Modernizing a Shared-Use Animal Facility Supporting Neuroscience Research at an HBCU
Delaware State University, (DSU) an Historically-Black university with an emerging strength in neuroscience
research is the lead institution in the NIH-funded Delaware Center for Neuroscience Research, which is in its 10th year
of support from an NIGMS Centers of Biomedical Research Excellence P20 grant. DSU’s Vivarium facility was
started under this Center grant to support DSU researchers conducting neuroscience research with mice. We are seeking
to modernize the operations of our Vivarium facility and ensure that it provides both efficient operations to support the
research of biomedical investigators at DSU and high-quality care for our rodent research subjects. The Vivarium Core,
which opened in freshly renovated space in fall 2017, is a key research resource housing the mouse models that are the
subject of NIH- and NSF-funded neuroscience research at Delaware State University.
We propose to upgrade the rodent housing in our Vivarium with a suite of automated environmental control
and monitoring systems - automatic watering, humidity control, and the Tecniplast Digital Ventilated Cages (DVC)
and Rack Environmental Monitoring (REM) Systems. These systems will enhance the efficiency of our facility and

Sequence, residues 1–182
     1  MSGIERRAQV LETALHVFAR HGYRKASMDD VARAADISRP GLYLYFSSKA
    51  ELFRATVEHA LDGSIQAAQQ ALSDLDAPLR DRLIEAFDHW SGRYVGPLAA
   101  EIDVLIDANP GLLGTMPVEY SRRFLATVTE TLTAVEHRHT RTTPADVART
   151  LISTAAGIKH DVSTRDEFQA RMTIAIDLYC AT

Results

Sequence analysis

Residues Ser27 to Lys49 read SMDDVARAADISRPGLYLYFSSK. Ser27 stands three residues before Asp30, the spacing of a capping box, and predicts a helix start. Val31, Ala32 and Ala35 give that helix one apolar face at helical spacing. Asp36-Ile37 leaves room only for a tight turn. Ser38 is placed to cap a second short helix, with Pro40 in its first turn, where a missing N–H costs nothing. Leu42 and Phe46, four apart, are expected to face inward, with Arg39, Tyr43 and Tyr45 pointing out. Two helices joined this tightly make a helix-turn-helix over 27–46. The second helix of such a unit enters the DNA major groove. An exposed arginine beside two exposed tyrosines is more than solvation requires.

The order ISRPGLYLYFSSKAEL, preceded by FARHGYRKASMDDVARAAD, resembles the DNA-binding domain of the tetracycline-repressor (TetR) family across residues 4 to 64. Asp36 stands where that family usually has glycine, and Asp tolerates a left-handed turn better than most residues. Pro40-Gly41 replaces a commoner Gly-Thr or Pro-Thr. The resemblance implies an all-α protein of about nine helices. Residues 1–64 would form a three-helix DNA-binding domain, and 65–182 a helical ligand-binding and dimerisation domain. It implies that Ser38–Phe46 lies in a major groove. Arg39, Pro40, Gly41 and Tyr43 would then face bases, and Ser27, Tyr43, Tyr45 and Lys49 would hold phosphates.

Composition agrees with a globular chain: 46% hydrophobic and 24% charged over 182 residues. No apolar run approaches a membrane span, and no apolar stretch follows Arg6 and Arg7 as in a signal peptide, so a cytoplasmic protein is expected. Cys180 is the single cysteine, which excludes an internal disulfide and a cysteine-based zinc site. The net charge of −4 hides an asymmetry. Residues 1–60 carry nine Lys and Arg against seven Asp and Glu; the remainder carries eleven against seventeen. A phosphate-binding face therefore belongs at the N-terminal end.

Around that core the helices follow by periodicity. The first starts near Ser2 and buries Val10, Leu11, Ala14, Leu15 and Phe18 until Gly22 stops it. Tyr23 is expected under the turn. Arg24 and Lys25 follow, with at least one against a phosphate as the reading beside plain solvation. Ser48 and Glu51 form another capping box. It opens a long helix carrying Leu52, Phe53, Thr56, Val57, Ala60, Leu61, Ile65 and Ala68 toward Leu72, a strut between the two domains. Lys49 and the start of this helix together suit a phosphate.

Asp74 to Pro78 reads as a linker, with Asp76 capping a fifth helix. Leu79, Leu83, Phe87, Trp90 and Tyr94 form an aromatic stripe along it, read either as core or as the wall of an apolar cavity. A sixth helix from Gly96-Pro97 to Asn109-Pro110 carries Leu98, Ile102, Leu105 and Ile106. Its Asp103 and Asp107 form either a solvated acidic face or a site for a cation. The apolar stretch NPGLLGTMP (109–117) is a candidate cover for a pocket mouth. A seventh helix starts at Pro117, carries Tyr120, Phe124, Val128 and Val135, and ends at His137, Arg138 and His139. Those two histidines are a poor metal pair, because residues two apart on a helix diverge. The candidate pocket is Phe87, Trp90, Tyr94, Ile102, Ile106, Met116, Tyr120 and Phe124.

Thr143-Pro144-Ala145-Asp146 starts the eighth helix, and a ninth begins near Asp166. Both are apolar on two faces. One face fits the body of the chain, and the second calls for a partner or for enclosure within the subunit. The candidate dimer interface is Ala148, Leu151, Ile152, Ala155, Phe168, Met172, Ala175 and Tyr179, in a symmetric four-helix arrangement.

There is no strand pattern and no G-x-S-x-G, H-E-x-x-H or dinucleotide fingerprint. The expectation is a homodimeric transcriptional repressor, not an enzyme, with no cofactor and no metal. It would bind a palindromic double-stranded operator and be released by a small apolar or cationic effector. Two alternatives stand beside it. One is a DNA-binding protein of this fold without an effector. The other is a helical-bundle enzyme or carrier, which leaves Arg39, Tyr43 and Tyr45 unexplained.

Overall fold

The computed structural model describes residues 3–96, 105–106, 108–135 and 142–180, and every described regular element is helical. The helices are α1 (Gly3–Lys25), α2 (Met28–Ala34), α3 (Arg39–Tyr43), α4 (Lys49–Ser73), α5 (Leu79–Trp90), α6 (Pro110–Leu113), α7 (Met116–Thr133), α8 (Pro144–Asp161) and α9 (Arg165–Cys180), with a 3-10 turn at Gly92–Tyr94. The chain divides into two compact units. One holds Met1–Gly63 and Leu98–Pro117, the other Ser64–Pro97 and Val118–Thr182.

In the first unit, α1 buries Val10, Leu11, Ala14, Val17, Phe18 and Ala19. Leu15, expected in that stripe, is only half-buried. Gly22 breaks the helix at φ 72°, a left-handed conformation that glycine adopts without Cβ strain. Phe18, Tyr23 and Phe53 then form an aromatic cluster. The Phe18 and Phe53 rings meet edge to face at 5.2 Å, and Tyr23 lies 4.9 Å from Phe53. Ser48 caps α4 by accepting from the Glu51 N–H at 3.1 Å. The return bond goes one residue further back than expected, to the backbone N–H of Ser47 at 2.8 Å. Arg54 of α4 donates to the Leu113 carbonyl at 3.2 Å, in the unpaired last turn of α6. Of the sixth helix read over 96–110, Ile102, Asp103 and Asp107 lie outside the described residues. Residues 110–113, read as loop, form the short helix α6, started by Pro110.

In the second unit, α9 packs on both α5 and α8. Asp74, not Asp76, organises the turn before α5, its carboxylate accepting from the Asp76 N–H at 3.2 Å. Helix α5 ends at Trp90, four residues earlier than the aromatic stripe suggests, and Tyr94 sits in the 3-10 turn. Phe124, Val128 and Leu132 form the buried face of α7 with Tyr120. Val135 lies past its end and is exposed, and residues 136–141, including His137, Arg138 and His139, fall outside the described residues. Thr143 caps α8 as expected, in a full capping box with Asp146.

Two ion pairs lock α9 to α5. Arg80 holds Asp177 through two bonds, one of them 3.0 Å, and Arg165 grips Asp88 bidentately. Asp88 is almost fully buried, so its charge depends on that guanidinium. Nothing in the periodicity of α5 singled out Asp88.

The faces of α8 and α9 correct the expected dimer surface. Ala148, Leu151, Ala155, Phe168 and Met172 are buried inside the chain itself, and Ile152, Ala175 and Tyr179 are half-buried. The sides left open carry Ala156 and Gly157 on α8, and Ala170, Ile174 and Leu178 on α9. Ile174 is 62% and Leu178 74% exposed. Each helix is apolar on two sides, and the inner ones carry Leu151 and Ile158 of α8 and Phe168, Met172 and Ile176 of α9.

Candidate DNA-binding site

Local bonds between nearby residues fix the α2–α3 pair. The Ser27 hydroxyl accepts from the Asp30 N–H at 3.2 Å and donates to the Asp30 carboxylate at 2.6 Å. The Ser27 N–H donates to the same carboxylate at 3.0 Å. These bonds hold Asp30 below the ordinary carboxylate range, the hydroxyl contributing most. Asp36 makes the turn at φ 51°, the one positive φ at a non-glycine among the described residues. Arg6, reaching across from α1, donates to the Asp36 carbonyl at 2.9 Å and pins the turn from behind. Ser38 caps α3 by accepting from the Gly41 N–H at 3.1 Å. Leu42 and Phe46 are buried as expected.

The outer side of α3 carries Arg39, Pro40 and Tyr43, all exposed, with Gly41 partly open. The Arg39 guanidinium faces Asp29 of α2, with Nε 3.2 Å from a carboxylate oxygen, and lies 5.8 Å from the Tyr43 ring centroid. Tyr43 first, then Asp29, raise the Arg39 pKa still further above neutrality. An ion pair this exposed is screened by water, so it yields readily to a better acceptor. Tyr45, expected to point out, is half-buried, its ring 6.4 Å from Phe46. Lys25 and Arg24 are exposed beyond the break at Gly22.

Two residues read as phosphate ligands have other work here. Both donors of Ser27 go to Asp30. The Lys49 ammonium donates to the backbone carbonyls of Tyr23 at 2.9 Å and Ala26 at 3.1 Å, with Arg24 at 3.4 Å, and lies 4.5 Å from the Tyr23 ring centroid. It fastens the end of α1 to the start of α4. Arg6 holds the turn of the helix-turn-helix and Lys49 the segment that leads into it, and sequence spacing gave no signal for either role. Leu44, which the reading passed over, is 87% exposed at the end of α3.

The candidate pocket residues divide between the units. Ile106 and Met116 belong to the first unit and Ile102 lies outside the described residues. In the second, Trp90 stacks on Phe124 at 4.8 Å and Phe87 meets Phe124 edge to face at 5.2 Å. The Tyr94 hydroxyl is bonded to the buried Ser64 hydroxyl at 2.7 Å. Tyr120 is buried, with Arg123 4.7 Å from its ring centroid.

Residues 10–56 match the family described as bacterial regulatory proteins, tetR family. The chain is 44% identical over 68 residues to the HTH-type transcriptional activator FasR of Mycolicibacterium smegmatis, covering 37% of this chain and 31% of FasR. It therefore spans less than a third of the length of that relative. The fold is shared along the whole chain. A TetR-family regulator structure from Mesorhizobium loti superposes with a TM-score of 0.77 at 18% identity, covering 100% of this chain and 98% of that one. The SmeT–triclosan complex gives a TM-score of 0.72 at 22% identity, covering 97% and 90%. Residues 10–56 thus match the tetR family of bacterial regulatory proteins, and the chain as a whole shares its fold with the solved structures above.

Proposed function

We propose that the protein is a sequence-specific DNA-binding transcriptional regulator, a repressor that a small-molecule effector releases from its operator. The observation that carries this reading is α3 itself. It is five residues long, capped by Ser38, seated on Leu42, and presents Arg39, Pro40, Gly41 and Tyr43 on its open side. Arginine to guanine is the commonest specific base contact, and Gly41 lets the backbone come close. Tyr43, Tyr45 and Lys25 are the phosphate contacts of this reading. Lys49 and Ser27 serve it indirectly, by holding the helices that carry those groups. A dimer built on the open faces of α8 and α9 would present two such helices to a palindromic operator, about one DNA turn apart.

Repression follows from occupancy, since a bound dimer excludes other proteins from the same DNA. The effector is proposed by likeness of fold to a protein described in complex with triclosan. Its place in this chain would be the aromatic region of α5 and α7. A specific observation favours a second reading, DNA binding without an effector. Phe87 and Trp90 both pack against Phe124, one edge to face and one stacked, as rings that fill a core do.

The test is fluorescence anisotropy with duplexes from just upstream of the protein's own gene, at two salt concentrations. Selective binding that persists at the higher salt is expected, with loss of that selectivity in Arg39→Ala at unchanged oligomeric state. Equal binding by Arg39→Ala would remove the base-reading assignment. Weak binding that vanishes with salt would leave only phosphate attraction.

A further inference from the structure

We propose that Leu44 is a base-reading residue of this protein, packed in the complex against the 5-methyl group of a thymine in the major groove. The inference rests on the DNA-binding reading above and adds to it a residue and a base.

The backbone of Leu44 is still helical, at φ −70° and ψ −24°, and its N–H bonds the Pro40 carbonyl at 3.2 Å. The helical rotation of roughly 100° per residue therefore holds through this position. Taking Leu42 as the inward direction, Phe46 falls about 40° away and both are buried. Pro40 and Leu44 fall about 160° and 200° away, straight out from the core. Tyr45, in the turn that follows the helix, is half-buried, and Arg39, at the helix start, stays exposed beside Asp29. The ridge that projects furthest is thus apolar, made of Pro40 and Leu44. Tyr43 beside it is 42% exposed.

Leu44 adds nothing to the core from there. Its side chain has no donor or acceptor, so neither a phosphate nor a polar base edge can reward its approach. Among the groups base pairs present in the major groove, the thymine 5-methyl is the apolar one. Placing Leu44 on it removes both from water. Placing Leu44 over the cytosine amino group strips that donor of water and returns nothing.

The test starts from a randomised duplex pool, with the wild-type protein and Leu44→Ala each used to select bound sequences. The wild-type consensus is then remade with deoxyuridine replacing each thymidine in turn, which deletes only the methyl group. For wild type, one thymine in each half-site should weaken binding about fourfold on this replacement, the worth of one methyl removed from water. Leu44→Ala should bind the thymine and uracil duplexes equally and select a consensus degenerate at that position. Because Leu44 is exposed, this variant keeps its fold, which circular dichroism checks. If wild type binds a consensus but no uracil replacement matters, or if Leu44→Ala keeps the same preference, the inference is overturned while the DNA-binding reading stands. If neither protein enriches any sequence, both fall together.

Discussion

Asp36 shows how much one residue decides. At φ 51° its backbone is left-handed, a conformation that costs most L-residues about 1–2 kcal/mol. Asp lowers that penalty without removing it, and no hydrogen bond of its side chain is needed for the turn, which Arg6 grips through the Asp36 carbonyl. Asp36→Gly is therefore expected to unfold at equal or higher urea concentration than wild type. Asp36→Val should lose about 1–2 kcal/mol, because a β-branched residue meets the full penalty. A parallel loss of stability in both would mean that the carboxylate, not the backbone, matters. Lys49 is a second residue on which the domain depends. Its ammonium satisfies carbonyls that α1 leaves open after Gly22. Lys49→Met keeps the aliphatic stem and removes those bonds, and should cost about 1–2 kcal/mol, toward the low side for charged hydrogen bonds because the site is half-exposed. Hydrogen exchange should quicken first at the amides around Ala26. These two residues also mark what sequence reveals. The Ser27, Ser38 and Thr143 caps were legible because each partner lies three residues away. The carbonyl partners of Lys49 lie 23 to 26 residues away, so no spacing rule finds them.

improve the health of our research animals due to more stable environmental conditions and decreased need for animal
handling, cage manipulations and in person animal monitoring.
Tecniplast air handling units with humidity control, and an Edstrom automated watering system will
significantly improve the cage environment and care of our mice. The state-of-the-art DVC system and DVC Rack
Environmental Monitoring system (DVC-REM) have been designed to automatically and continuously monitor
important environmental parameters collected directly from animal rooms and even within the animal cages. Animal
activity monitoring can provide a continuous home cage animal welfare check without personnel having to enter the
animal room or disturb the cages, which will be particularly valuable for monitoring disease models and post-surgery
recovery. In addition, collecting animal activity data from the DVC system and complementing it with correlated
environmental conditions from the REM system provides a unique and robust approach to advance the reliability and
reproducibility of animal research, prevent animal loss due to environmental conditions (such as cage flooding), and
to help researchers better interpret possible unexpected results with their animal subjects.
The Vivarium core supports the externally-funded research of six neuroscience faculty at DSU, and it is likely
that future faculty hired in the biology and psychology departments at DSU will have research projects that involve
rodents. The more stable environmental conditions and reduced animal handling that will result from this facility
modernization will improve research reliability and reproducibility, increasing the research productivity of current and
future investigators and support the advancement of biomedical research.